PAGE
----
Alumide is a blend of aluminum powder and polyamide powder, which allows metallic-looking, non-porous components to be machined easily and is resistant to high temperatures (130°C). Typical applications include parts for wind tunnel testing in the automotive industry, small production runs, jig manufacturing, education and illustrative models with a metallic appearance.

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Technical Specifications

Standard lead time Minimum of 4 working days, depending on part size, number of components and finishing degrees (offline orders)
7 working days (online orders)
Standard accuracy ± 0.3% (with lower limit on ± 0.3 mm)
Minimum wall thickness 1 mm, but living hinges are possible at 0.3 mm
Layer thickness 0.12 mm
Maximum part dimensions 650 x 330 x 560 mm (offline orders)
400 x 300 x 400 mm (online orders)
Surface structure Unfinished parts typically have a rough surface but all kinds of fine finishes are possible.
Laser-sintered parts can be sandblasted, colored/impregnated, painted, covered and coated.


  Units Condition Alumide
Density g/cm³     1.36 +/- 0.05
Tensile Strength MPa  DIN EN ISO527 48 +/- 3
Tensile Modulus MPa  DIN EN ISO527 3800 +/- 150
Flexural Modulus MPa  DIN EN ISO178 3600 +/- 150
Charpy – Impact strength kJ/m2 DIN EN ISO179 29 +/- 2
Charpy – Notched Impact Strength MPa DIN EN ISO179 4.6 +/- 0.3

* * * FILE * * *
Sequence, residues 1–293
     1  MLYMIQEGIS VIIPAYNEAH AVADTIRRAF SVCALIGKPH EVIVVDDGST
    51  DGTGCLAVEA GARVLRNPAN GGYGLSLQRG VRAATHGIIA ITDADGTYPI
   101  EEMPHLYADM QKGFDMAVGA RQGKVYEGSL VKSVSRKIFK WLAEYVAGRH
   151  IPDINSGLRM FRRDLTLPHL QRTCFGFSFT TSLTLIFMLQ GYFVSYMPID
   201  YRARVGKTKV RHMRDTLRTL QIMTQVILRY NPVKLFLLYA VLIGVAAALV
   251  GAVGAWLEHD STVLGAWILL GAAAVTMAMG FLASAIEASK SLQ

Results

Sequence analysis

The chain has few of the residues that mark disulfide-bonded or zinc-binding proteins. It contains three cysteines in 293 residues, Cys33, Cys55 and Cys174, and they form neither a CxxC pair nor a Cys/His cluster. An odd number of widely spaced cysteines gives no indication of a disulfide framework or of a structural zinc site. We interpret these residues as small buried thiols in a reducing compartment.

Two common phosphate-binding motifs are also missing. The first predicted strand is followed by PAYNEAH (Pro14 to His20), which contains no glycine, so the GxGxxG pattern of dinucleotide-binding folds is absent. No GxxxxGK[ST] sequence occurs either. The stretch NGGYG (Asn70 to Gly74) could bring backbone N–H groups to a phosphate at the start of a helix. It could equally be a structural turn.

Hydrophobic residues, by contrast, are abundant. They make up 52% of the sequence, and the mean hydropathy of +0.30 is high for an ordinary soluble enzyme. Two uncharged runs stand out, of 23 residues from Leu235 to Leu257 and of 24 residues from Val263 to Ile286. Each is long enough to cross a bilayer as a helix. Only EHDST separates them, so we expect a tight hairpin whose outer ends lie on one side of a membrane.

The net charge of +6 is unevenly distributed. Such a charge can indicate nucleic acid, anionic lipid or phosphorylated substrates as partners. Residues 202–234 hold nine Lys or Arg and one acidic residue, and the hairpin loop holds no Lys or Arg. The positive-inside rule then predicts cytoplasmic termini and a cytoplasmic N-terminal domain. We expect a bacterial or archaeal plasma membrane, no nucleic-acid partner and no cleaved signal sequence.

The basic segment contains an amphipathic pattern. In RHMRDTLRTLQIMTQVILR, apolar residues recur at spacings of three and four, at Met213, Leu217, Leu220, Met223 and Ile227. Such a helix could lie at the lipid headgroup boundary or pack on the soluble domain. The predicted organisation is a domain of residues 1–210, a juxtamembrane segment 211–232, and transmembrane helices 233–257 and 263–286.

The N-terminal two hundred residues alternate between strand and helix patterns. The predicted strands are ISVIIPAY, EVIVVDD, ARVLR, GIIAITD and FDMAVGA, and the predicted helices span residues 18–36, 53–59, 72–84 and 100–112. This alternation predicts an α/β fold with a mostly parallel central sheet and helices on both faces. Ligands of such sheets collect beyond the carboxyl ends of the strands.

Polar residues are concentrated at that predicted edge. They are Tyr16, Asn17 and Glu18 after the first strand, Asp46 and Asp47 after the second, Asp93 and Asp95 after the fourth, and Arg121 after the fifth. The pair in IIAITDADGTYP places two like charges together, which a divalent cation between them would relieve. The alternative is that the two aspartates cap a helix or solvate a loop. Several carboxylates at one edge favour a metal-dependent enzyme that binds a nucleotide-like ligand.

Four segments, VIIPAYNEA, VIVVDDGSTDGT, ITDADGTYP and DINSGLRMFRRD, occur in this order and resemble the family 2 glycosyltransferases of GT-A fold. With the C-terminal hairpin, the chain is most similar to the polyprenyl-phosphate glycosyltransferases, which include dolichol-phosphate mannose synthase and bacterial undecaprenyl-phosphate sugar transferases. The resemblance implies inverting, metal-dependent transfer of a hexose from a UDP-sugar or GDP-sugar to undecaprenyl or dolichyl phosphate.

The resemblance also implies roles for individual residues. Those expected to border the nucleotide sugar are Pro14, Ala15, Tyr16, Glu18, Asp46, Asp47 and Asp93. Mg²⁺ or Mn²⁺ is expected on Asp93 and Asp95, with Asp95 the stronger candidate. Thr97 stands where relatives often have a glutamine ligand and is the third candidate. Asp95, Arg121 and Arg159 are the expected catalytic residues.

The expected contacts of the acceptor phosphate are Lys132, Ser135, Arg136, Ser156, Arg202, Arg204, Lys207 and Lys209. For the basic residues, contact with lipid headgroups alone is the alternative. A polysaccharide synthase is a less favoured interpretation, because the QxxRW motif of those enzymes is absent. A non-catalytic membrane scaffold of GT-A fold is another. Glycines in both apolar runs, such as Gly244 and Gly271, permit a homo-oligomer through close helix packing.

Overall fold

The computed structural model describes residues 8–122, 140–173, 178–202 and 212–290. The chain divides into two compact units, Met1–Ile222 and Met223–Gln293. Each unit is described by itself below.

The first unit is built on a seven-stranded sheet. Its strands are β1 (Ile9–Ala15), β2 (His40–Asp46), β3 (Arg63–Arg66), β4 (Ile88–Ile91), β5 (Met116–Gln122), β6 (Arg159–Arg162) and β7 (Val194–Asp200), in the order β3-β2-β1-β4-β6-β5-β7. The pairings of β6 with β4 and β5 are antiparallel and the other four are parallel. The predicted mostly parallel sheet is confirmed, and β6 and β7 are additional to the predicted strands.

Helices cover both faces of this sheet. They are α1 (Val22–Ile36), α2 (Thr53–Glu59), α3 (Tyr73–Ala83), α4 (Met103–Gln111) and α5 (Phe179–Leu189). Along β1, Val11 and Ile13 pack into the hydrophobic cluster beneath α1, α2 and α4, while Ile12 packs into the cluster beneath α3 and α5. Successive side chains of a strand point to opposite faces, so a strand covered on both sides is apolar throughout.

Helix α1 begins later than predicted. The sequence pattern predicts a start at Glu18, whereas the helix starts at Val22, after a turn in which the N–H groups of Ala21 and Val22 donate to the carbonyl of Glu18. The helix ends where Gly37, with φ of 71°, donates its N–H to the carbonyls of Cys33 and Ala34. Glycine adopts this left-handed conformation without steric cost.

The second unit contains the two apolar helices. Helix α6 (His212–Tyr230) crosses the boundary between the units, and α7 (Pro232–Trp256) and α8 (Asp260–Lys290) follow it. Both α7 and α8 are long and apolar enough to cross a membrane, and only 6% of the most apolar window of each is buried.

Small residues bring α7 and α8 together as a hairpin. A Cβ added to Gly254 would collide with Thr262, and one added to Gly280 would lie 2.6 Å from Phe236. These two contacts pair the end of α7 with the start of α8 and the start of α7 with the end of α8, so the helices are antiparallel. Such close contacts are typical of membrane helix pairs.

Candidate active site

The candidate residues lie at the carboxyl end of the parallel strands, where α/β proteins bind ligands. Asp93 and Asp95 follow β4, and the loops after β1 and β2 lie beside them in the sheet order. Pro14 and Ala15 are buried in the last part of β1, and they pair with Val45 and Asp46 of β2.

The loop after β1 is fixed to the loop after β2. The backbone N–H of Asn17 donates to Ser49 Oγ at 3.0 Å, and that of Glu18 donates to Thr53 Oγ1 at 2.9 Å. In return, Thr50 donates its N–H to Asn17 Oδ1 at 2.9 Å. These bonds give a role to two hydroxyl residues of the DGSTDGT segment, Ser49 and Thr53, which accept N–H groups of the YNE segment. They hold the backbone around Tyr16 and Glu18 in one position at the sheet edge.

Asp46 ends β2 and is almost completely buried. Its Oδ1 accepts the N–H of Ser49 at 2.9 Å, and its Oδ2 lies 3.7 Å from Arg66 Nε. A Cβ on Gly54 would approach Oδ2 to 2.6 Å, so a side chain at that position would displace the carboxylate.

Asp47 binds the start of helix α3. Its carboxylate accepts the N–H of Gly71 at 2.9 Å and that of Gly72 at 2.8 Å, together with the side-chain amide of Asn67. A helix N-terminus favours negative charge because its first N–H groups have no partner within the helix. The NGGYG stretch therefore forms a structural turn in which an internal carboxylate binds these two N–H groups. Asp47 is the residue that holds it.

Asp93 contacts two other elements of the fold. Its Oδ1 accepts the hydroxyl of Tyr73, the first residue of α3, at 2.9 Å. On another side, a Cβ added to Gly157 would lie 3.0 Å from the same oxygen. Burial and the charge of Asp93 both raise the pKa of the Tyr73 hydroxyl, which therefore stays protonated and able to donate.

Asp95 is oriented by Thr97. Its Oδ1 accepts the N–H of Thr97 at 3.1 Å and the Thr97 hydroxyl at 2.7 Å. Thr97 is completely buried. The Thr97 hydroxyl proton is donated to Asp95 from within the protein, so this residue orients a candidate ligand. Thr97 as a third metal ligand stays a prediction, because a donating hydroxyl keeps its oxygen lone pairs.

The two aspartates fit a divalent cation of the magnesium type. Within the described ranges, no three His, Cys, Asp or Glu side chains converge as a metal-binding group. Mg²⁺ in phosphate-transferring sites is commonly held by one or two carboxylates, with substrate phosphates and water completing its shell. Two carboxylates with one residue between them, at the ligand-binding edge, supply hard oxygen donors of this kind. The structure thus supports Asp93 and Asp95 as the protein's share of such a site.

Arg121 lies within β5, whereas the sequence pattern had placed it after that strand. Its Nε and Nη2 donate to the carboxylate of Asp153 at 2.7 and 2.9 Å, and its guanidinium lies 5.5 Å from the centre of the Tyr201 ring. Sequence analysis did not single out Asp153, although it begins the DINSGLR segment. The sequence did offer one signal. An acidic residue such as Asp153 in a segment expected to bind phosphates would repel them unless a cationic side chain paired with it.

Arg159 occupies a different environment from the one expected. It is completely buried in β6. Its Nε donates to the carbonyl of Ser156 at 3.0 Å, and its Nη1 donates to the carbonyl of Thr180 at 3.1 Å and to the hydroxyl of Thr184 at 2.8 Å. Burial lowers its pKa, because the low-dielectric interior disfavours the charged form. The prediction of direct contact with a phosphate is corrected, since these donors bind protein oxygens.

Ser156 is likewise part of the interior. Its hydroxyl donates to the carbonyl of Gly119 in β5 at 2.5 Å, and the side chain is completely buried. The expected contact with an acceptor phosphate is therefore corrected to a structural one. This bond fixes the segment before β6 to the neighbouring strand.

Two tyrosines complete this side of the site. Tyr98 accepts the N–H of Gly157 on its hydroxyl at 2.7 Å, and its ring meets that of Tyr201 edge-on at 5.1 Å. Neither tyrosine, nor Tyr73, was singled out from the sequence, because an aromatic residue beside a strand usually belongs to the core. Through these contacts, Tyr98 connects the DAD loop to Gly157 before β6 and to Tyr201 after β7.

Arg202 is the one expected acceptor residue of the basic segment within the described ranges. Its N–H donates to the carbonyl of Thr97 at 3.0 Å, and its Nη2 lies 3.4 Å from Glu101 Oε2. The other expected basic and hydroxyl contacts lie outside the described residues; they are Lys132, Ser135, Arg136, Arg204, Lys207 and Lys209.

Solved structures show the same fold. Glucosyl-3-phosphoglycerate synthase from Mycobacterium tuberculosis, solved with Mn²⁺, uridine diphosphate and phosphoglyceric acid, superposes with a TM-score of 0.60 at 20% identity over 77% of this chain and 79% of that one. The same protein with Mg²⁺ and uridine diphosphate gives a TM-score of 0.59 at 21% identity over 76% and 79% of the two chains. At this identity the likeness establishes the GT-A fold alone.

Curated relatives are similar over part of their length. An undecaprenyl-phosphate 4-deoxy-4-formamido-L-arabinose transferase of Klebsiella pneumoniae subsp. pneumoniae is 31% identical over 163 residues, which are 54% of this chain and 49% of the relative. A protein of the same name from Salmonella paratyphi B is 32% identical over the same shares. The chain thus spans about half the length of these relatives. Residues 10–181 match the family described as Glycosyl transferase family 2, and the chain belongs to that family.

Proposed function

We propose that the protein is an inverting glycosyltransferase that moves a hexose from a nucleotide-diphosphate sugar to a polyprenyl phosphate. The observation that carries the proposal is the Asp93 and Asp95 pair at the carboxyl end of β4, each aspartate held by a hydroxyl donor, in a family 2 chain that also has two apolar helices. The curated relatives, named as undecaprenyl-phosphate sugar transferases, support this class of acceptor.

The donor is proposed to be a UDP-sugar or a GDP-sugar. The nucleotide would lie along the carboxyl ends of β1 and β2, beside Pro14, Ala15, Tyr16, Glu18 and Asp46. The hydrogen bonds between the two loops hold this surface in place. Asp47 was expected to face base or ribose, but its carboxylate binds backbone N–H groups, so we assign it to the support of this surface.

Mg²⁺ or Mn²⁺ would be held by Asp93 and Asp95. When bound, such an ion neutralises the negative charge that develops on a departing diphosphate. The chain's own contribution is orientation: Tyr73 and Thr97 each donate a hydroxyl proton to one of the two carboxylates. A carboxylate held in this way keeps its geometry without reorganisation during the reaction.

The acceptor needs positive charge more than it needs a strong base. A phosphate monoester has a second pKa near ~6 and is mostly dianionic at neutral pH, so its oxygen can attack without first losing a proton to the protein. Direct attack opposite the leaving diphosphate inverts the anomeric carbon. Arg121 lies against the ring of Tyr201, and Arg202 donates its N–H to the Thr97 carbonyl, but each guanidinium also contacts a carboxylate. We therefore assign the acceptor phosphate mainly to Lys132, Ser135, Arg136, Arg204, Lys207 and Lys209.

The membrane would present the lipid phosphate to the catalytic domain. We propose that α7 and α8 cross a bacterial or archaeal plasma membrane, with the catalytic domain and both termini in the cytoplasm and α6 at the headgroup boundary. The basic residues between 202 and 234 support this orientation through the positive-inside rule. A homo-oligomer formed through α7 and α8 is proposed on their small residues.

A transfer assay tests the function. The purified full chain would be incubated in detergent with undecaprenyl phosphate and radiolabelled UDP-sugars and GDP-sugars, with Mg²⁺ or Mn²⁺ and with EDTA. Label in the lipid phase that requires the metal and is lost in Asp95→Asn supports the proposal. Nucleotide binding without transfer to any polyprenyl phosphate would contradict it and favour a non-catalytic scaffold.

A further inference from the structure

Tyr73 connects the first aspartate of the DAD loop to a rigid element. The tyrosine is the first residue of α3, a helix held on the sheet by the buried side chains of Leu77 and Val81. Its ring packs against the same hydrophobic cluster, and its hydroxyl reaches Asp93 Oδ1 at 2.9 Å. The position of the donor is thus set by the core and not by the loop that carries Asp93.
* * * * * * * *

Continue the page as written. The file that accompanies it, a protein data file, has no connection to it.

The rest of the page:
Unnnotched Izod Impact kJ/m2 DIN EN ISO180 N/A
Notched Izod Impact kJ/m2 DIN EN ISO180 N/A
Ball Indentation Hardness   DIN EN ISO2039 N/A
Shore D/A-hardness   DIN 53505 D 76 +/- 2
Heat Deflection Temp °C ASTM D648 (1.82MPa) 130
Elongation at Break  DIN EN ISO527 3.5 +/- 1

Actual values may vary with build condition

Finishing Degrees

The right finish and color can transform a print into a product. Whether you’re looking for a functional finish for color-coded components, or an aesthetic finish like flocking or high-gloss paint, take a look at your wide range of options here.

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How Does Laser Sintering Work?

Laser Sintering is a laser-based technology that uses solid powder materials, typically plastics. A computer-controlled laser beam selectively binds together particles in the powder bed, by raising the powder temperature above the glass transition point after which adjacent particles flow together. As the powder is self-supporting, no support structures are necessary.

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